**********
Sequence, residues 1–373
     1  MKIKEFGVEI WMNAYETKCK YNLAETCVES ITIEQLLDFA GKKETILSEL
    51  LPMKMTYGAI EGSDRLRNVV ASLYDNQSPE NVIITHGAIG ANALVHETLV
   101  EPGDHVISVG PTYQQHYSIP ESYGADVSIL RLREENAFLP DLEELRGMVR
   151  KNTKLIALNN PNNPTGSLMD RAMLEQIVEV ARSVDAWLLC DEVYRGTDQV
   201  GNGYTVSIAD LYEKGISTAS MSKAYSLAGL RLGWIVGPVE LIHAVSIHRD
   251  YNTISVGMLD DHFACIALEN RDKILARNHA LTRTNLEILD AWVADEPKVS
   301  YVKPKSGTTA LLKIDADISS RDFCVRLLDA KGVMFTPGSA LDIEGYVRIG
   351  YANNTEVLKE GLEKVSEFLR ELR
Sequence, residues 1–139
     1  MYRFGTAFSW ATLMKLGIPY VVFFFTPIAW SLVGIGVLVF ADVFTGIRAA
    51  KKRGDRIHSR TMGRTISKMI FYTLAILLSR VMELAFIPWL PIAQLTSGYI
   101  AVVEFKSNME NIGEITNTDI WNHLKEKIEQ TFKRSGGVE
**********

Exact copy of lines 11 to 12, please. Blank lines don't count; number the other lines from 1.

     1  MYRFGTAFSW ATLMKLGIPY VVFFFTPIAW SLVGIGVLVF ADVFTGIRAA
    51  KKRGDRIHSR TMGRTISKMI FYTLAILLSR VMELAFIPWL PIAQLTSGYI